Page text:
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Dave Robinson

Each year, the Federal Emergency Management Agency designates the month of September as Disaster Preparedness Month. The idea is, I’m sure, to nudge would-be preppers off their couches and finally do something about preparedness.

Winter months are approaching, bringing with them news of blizzards, winter storms off the Pacific, and even as I write this, Hurricane Florence is threatening the eastern seaboard. According to FEMA’s website (, now is the time to take that CPR or first aid class. Also check your insurance policies and find out if you actually have the insurance coverage you’re going to need in the face of the disasters you might face like flood, earthquake or tornado. Additionally, now is a good time to start setting aside a little cash to cover the costs associated with an emergency. Besides, when disaster strikes, ATMs are usually disabled and all the money in your checking and savings account down at First National will do you no good. Only the cash you have on hand will be accessible and available for purchasing goods or services. What few items are usually available during emergencies. Likewise, now it a good time to review the process for shutting off water, natural gas and propane valves. And don’t forget to locate the right-size wrench in a handy location.

FEMA has designated a theme for each week of the month. Week 1: Make and practice your plan. Week 2: Learn Life Saving Skills Week 3: Check Your Coverage. Week 4: Save For an Emergency. For a more complete list of specific activities, go to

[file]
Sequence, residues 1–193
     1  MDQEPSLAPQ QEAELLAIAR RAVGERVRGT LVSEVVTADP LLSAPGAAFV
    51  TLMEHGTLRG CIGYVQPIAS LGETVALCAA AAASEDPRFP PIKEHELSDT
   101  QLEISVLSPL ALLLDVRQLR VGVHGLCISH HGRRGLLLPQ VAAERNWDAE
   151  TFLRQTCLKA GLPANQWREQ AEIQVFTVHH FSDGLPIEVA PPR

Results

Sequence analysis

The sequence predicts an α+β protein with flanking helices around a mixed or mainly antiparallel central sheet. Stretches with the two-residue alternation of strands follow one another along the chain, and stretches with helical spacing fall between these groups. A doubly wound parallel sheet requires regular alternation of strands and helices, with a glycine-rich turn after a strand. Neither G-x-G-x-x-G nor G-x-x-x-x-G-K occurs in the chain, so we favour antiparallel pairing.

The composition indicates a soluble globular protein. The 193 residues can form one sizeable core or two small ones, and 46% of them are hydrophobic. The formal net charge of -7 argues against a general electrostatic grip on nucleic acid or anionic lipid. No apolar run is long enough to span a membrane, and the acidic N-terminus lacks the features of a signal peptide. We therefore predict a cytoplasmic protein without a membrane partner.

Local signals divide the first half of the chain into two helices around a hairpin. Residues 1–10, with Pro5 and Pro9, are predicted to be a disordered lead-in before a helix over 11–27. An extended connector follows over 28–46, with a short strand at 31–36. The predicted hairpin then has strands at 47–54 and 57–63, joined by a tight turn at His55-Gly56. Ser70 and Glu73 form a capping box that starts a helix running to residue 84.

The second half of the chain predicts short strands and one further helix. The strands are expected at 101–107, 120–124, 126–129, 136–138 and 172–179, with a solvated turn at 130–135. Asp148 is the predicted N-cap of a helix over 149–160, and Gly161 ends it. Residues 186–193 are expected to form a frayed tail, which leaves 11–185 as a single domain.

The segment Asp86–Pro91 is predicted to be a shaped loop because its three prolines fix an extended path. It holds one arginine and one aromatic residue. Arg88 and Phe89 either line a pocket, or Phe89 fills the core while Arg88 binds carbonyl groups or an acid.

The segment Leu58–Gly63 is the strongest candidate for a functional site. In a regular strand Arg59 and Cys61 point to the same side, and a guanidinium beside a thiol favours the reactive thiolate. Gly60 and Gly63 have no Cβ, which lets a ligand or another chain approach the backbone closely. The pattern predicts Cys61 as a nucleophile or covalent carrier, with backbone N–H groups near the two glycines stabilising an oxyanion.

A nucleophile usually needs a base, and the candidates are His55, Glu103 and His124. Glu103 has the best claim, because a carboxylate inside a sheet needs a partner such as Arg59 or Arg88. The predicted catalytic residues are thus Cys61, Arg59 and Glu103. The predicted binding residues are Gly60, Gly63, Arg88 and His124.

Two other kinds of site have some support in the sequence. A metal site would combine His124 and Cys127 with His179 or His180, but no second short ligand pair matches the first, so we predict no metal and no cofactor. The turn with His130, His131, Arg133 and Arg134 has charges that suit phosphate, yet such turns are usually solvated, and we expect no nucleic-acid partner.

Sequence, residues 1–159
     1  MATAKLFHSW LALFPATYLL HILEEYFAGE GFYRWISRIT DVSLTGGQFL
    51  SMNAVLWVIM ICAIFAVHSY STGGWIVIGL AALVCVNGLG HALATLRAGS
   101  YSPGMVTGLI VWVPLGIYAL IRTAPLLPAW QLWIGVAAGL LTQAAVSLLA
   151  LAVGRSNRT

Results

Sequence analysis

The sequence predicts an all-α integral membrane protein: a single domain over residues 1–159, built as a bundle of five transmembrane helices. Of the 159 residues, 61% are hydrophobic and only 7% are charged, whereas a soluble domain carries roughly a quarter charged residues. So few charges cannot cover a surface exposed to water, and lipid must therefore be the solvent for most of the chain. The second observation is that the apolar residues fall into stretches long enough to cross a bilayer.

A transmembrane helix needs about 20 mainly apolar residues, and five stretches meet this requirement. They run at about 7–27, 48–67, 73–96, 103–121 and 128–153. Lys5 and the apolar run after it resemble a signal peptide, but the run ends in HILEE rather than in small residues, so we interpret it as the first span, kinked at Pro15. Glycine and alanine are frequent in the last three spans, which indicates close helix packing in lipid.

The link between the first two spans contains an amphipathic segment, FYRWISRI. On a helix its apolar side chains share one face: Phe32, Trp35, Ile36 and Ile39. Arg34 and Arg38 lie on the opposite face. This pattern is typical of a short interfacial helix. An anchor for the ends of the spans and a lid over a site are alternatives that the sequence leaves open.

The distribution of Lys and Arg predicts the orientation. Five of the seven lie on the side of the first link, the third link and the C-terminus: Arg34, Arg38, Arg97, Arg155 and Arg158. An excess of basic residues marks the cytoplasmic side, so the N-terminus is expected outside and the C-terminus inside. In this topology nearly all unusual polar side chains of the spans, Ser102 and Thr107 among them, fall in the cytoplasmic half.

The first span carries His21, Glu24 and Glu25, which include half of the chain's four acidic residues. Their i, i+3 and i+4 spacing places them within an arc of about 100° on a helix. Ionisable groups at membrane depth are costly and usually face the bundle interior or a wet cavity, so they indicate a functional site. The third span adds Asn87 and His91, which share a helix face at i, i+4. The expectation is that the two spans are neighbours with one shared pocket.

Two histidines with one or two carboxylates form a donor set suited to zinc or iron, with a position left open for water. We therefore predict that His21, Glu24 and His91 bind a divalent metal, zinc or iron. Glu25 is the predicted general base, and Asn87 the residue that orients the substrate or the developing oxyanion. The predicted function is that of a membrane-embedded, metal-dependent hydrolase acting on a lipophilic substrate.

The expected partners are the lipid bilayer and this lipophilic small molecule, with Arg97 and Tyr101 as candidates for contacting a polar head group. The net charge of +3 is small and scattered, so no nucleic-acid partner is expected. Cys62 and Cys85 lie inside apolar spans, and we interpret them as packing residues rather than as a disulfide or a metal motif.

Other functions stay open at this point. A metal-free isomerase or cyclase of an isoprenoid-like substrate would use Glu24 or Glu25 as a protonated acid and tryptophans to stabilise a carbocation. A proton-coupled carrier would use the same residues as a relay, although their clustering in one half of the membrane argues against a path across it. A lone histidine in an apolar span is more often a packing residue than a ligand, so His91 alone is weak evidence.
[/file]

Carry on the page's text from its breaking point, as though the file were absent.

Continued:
Following these simple themes each week will raise your preparedness level and make you more ready for whatever winter throws at you.

Here’s a new offering from FEMA: Text PREPARE to 43362 (4FEMA) to receive preparedness tips on your phone. Keep in mind that standard messaging and data rates apply.

Likewise the Red Cross ( has several suggestions for the month. Their focus is on evacuation and highlights of their list include the following: 1. Follow the instructions of the authorities when it comes to evacuating. They know more than you do. 2. Keep your gas tank topped off when you hear a storm is coming. After the power goes out it’s usually difficult to make gas pumps work. 3. Decide ahead of time where you are going to go. Either Aunt Tillie or getting your RV to a safe place requires prior planning on your part. And don’t forget to give Aunt Tillie a call to let her in on your plan. 4. And lastly, don’t forget your pets. Pick up an extra sack of dog (or cat) food. Also get a one-gallon canteen, fill with water and include it in your plan. Pets need water too.

As always send your comments and questions to

Dave Robinson is a retired postmaster and the author of “Disaster Prep For The Rest Of Us,” available on, barnesandnoble, and other online booksellers.

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